CS 8751 Course Syllabus
Machine Learning and Knowledge Discovery in Databases
Spring 2003

Course Information

Instructor:Rich Maclin
Office:315 Heller Hall
Office Hours:13:00-14:30 Tuesday and Wednesday and by appointment
Texts:Mitchell, Machine Learning, McGraw-Hill
Witten and Frank, Data Mining, Morgan Kaufmann

Course Coverage

This course will present an introduction to the field of machine learning and the related field of data mining. The course will cover material from both textbooks focusing primarily on Mitchell's book. The textbooks will be supplemented with material from research papers on recent developments in machine learning. The course will focus largely on classification learning, though there will also be some coverage of other learning techniques including analytical learning, unsupervised learning and reinforcement learning. The course will include several coding projects in which students will implement learning algorithms. Each student will also present a recent research paper during class and will undertake a significant course project.

Examinations, Assignments and Grades

ItemPointsDate and Time
Midterm Exam 1 200 points February 24 (Monday), 15:00-16:40
Midterm Exam 2 200 points April 14 (Monday), 15:00-16:40
Final Exam 100 points May 15 (Thursday), 16:00-17:55
Programming Assignments (5-6) 200 points TBA
Final Term Project 200 points Finals Week
Paper Presentation 100 points TBA
Total 1000 points Grade based on total points

Grades are assigned on a percentage basis, and then an adjustment is applied based on a minimum effort requirement (see below). The grade percentage cutoffs are as follows:

These percentages may be lowered but will not be raised.

Minimum Effort Requirement: Students must turn in a minimal credible effort for EVERY assignment or their grade will be reduced one full letter grade (an A would become a B, an A- a B-, a B+ a C+, etc.). A turned in assignment achieving at least 40% of the possible points (before late assignment penalties) will be considered a minimal credible effort (though this percentage may be revised downwards by the instructor as warranted). For example, if a program has a maximum possible 30 points, then a turned-in assignment achieving at least 12 points before late penalties would be considered a minimal credible effort.

Final Term Project: each student will undertake to implement a major term project chosen in consultation with the instructor. Term projects may under special circumstances be done as team projects (but no more than two members to any team). Team projects should cover very ambitious implementation ideas that would ordinarily be well beyond the scope of a single student. A list of sample ideas will be posted as class goes on. Students will be expected to submit an initial (one page) outline for their project by February 17th. Further milestones will be annouced as class goes on. Each student will be expected to write up a short (no less than 6 and no more than 10 page) description of their implementation including the basic algorithm, experimental method, description of code. Each student will also make a short presentation of their implementation to the instructor during finals week.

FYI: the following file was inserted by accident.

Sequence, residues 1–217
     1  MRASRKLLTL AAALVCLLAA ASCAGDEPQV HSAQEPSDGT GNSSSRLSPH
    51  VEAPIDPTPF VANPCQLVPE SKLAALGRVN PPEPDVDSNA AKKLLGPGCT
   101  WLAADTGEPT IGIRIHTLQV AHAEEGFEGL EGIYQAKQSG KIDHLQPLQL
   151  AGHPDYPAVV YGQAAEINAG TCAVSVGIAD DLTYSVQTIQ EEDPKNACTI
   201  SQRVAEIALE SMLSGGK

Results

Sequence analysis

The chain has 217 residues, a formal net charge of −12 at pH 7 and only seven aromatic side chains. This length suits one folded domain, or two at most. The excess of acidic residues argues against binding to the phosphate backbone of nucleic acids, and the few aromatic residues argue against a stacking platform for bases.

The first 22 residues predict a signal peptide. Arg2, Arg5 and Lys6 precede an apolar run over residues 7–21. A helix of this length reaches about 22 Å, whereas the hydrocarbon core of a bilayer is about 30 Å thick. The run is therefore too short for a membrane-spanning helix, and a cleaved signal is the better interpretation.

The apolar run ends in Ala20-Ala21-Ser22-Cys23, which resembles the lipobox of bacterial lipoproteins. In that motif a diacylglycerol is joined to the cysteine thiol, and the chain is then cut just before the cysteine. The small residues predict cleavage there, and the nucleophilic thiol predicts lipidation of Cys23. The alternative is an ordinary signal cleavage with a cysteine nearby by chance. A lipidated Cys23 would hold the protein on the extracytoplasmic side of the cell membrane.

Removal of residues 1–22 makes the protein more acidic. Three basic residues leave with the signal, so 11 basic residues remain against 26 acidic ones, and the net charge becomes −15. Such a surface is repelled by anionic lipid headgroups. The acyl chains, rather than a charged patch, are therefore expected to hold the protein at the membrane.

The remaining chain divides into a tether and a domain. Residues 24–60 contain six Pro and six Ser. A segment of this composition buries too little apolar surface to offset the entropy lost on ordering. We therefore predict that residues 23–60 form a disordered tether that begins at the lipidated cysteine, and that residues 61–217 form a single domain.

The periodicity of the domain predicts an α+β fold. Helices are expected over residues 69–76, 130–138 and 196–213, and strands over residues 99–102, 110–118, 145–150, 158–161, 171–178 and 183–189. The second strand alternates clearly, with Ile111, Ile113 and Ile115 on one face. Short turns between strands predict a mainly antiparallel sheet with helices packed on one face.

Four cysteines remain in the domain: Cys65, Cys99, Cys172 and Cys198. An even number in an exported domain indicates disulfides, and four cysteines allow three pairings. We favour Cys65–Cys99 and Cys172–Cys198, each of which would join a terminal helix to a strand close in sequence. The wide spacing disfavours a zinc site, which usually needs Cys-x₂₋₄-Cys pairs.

Paper Presentation: each student will be expected to present a recent research paper chosen from a list assembled by the instructor (students may also suggest papers -- these suggestions must be improved by the instructor). Presentations will be 40 minutes in length and will begin starting in week 12 during class periods. Choice of paper to present will be given to students volunteering for the earliest presentation times. Students will also be expected to serve as a commentator for two other presentations (presenting five minutes of comments/questions/rebuttals on a paper). The final exam will cover the papers presented during class by the students.


Course Material

Copies of the overheads used in class will be made available on the class web page.

Missed Classes

You are responsible for what goes on in class, including lecture material, handouts, and turning in assignments. If you are unable to attend class it is your responsibility to obtain copies of class notes and any materials distributed in class. You may turn in copies of assignments early or have other members of the class turn in an assignment for you.

Missed Exams

No exam will be given early. Exams can be made up only in the case of emergencies such as severe illness or death in the immediate family. You must contact me 24 hours in advance in order to arrange a makeup.


All assignments will be collected at the beginning of class on the due date. Late assignments will be penalized 20% of the grade for each working day the assignment is late.


Programming assignments must be your own work. You may discuss general ideas with other students, but should not discuss actual code with others. If you are having problems with an assignment, please come and see me or send me email.

Equal Opportunity

As instructor I shall make every attempt to treat all students equally, without regard to race, religion, color, sex, handicap, age, veteran status, or sexual orientation. I encourage you to talk to me about your concerns of equal opportunity in the classroom. To inquire further about the University's policy on equal opportunity, contact the Office of Equal Opportunity (6827), 269-273 DAdB.

Students With Disabilities

If you have any disability (either permanent or temporary) that might affect your ability to perform in this class, please inform me at the start of the semester. I may adapt methods, materials, or testing so that you can participate equitably. To learn about the services that UMD provides to students with disabilities, contact the Access Center (8727), 138 Kirby Plaza, or the Office of Equal Opportunity (8217), 269-273 DAdB.